Volume 42:Issue 2
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04 From the Editor
06 Practical Hermeneutics
by Lisa Cooper
Ethical Discernment and Theological Apologetics: While school shootings continue to rob children of their lives, we should be praying that God would equip us with His heart, His mind, and His strength to do the ministry that is necessary for those who suffer from these tragedies. And where we cannot find the words to pray, God cares so much about us that He intercedes for us.
by Jay Watts
Ethical Discernment/ Apologetics: Christians are not averse, in principle, to the concept of nonhuman persons. We attribute personhood to the Trinity and to angels, clearly nonhuman beings. We recognize, however, the danger that lies in attempts to elevate animals to our moral equals in the face of glaring evidence they could never operate as such. These efforts ultimately reduce us all to an undifferentiated mess.
by Douglas Groothuis
Ethical Discernment and Theological Apologetics: The love of God takes many forms, one of which is the love shown in suffering well with others. In this, God is glorified, sufferers are given encouragement, and the watching world beholds people who radiate a love and concern from beyond this world of tears.
by Louis Markos
Philosophers Series: Spinoza envisions God to be something like the Buddhist One Soul, an emptying of the individual mind into that sentient but impersonal universe that is, at once, nature and God. Like many atheists today, Spinoza, while refusing to be held accountable to an all-holy, all powerful God, nevertheless stands in awe before the mystery of human consciousness.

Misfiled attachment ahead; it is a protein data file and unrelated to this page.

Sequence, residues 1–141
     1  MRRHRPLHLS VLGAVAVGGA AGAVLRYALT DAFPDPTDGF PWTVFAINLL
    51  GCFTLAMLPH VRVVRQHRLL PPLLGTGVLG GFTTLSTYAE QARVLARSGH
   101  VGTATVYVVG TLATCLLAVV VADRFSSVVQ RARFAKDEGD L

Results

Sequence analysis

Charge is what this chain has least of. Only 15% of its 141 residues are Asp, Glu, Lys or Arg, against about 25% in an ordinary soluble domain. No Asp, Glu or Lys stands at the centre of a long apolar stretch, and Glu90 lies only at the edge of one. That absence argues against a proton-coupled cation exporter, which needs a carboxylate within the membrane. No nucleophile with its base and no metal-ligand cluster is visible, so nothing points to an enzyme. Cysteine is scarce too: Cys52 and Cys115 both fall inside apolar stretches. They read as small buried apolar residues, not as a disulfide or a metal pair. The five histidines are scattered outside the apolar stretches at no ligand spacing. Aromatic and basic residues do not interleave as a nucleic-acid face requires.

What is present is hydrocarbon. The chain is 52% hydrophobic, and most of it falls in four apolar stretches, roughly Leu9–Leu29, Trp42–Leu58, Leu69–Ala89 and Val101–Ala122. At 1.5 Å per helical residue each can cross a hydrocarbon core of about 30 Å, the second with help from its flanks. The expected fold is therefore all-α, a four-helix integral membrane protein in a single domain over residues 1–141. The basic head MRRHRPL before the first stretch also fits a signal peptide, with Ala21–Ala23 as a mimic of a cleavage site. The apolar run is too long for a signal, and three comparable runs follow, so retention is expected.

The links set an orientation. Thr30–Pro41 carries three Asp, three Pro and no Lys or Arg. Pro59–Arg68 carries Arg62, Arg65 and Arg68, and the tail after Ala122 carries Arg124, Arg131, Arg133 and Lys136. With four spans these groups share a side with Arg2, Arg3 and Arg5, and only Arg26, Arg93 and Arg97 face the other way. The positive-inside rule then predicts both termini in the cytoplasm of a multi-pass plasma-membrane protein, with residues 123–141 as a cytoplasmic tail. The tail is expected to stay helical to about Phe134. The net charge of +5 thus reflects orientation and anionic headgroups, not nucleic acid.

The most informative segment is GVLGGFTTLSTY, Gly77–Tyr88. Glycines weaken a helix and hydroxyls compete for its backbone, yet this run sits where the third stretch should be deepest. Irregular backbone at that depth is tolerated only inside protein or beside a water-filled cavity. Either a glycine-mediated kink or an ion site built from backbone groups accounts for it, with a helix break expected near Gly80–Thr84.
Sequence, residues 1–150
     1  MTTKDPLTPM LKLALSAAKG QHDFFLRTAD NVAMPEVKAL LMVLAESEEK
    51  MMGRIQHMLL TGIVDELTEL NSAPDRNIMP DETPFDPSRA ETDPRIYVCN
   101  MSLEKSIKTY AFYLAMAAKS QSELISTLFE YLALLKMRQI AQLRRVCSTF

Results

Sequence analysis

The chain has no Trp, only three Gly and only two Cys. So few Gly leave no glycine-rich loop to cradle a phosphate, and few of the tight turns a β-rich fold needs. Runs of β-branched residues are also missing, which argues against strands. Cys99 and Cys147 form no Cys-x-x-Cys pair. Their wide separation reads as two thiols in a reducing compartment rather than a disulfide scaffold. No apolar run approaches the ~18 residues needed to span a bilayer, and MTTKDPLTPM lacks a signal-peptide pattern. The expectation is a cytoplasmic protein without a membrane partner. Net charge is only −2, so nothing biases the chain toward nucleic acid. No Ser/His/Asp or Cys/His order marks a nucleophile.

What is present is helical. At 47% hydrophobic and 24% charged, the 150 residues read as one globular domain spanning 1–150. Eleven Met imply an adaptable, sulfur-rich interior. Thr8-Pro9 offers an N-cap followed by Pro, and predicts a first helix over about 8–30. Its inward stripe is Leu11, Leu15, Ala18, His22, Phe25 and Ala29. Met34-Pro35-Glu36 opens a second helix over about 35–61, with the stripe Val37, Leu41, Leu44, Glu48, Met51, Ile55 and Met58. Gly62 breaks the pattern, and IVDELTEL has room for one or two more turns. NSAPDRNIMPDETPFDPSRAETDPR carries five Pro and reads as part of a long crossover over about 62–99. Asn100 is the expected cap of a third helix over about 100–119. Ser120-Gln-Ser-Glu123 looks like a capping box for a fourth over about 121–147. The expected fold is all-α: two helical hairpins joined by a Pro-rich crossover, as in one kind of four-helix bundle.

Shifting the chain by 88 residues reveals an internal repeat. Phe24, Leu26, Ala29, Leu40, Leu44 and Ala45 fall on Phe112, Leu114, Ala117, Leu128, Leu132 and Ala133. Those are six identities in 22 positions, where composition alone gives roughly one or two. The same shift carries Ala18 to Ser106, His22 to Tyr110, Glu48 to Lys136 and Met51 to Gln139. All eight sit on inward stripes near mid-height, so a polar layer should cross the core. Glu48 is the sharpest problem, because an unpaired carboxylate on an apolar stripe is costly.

by Anne Kennedy
Doctrinal Discernment: In a world increasingly characterized by impossible human standards, Hatmaker’s encouraging message of personal empowerment is a balm for many. But in rejecting the biblical definition of holiness and sin, her human-centered gospel of feelings and works is not able, ultimately, to rescue the very person she is so anxious to encourage.
by David and Marybeth Baggett
Historical Apologetics: In a secular age that features exclusive humanism, the historical moral apologist Sorley gave extended convincing arguments that morality points beyond itself to eternal goods that imbue earthly and temporal goods with sacramental significance. His work remains a profound resource for contemporary apologists.
42 Postmodern Realities
Seeking Spiritual Solace in a Daze of Digital Distraction
46 Ask Hank